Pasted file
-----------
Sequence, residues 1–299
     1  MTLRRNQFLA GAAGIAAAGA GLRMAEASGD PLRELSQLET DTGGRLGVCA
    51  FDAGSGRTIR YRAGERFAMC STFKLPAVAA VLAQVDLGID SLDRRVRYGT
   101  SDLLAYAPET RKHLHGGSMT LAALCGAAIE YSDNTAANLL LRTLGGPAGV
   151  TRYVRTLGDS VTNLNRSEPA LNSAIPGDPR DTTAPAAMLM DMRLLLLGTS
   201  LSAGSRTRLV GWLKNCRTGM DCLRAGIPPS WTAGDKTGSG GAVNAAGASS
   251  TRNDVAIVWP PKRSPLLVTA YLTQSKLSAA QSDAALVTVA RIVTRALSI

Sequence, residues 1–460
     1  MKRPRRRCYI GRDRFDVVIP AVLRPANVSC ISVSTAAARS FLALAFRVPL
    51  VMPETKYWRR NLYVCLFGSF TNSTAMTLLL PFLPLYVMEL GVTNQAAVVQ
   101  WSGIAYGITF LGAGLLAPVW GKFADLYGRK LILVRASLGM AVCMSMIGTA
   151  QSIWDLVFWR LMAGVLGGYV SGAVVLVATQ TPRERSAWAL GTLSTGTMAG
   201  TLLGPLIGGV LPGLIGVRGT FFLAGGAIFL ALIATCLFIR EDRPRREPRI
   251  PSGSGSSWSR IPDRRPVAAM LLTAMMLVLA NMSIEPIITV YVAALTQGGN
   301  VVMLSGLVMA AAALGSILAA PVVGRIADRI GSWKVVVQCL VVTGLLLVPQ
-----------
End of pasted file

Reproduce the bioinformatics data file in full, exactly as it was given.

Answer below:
Sequence, residues 1–299
     1  MTLRRNQFLA GAAGIAAAGA GLRMAEASGD PLRELSQLET DTGGRLGVCA
    51  FDAGSGRTIR YRAGERFAMC STFKLPAVAA VLAQVDLGID SLDRRVRYGT
   101  SDLLAYAPET RKHLHGGSMT LAALCGAAIE YSDNTAANLL LRTLGGPAGV
   151  TRYVRTLGDS VTNLNRSEPA LNSAIPGDPR DTTAPAAMLM DMRLLLLGTS
   201  LSAGSRTRLV GWLKNCRTGM DCLRAGIPPS WTAGDKTGSG GAVNAAGASS
   251  TRNDVAIVWP PKRSPLLVTA YLTQSKLSAA QSDAALVTVA RIVTRALSI

Sequence, residues 1–460
     1  MKRPRRRCYI GRDRFDVVIP AVLRPANVSC ISVSTAAARS FLALAFRVPL
    51  VMPETKYWRR NLYVCLFGSF TNSTAMTLLL PFLPLYVMEL GVTNQAAVVQ
   101  WSGIAYGITF LGAGLLAPVW GKFADLYGRK LILVRASLGM AVCMSMIGTA
   151  QSIWDLVFWR LMAGVLGGYV SGAVVLVATQ TPRERSAWAL GTLSTGTMAG
   201  TLLGPLIGGV LPGLIGVRGT FFLAGGAIFL ALIATCLFIR EDRPRREPRI
   251  PSGSGSSWSR IPDRRPVAAM LLTAMMLVLA NMSIEPIITV YVAALTQGGN
   301  VVMLSGLVMA AAALGSILAA PVVGRIADRI GSWKVVVQCL VVTGLLLVPQ